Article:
WASHINGTON — Partnering helicopters and unmanned aircraft just a few years ago meant that a pilot could control a drone to fly ahead to conduct reconnaissance. Maybe it meant a pilot could control payloads or even the weapon systems on that drone.
But at Project Convergence at Yuma Proving Ground, Arizona, this month, manned-unmanned teaming took on a far more advanced meaning.
The Army’s Future Vertical Lift team rolled into the service’s weeks-long “campaign of learning” with 19 semi truck trailers and almost 200 people, Brig. Gen. Wally Rugen, who is in charge of the Army’s FVL modernization efforts, told Defense News in a Sept. 22 interview.
The effort brings together future weapons and capabilities envisioned for a 2030s battlefield against near-peer adversaries such as Russia and China. It includes using a machine learning and artificial intelligence-enabled battle management system that is in development.
Rugen said he was “very, very proud” to see technology at the event mature to the point that allowed for data to be pushed across networks “faster than we’ve done in the past” through a tight-knit kill chain that included space, air and ground assets underpinned by Assured Position, Navigation and Timing (APNT) and an advanced network.
The team had 127 technical objectives it wanted to meet through 11 use cases and the three mission threads.
The breadth of the effort reflects that the Army is at a critical juncture when it comes to modernizing its fleet. The service is attempting to develop and field both a Future Attack Reconnaissance Aircraft (FARA) and Future Long-Range Assault Aircraft (FLRAA) as well as a variety of Air-Launched Effects (ALE) capabilitiesalong with a modular open system architecture that makes it easier to upgrade and modernize as time goes on. Leaders want all of this by 2030.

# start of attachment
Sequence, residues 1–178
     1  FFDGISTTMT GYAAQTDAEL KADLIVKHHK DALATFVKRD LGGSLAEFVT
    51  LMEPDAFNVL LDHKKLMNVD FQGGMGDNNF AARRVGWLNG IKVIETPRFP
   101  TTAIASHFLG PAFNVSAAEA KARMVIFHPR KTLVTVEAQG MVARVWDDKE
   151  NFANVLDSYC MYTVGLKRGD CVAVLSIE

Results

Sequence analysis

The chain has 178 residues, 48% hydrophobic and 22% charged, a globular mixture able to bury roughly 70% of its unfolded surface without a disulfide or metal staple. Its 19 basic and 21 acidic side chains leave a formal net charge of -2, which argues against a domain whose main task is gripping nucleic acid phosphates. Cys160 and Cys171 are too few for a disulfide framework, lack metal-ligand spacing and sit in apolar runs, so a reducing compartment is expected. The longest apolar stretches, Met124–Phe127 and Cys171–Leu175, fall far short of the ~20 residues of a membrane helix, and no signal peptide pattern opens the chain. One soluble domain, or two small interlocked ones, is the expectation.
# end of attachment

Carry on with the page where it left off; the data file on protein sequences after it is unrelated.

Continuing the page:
The next level of algorithmic warfare
A year ago, the Army’s Architecture, Automation, Autonomy and Interfaces capability, or A3I, was put to the test at China Lake, California. In that effort, an operator with a tablet in the back of an MH-47 Chinook cargo helicopter took control of a Gray Eagle drone and tasked it to fire a small, precision-glide munition at an enemy target located on the ground. At the last second, a higher level threat was detected and the munition was rapidly redirected toward a different threat, taking it out within seconds.
At Project Convergence, the final shot of the campaign came from a soldier on the ground taking control of a Long-Range Precision Fires (LRPF) munition surrogate (a Hellfire missile) on a Gray Eagle — representing a FARA — and firing on the target. This takes critical seconds out of the operation as the pilot of the aircraft wouldn’t have to focus on trying to locate the target himself, aiming and firing the missile.
At China Lake, the Army was able to use automation to reroute the Gray Eagle around poor weather. This year the aircraft were avoiding threat weapon systems, Rugen said. And while the Dynetics GBU-69 small glide munition used last year was inert, this time the Army used live rounds.
The Army also used an open system architecture that was flexible enough for payloads and capabilities to be swapped in out of its A3I Gray Eagles without having to rely on the original equipment manufacturer to do it, Rugen highlighted.
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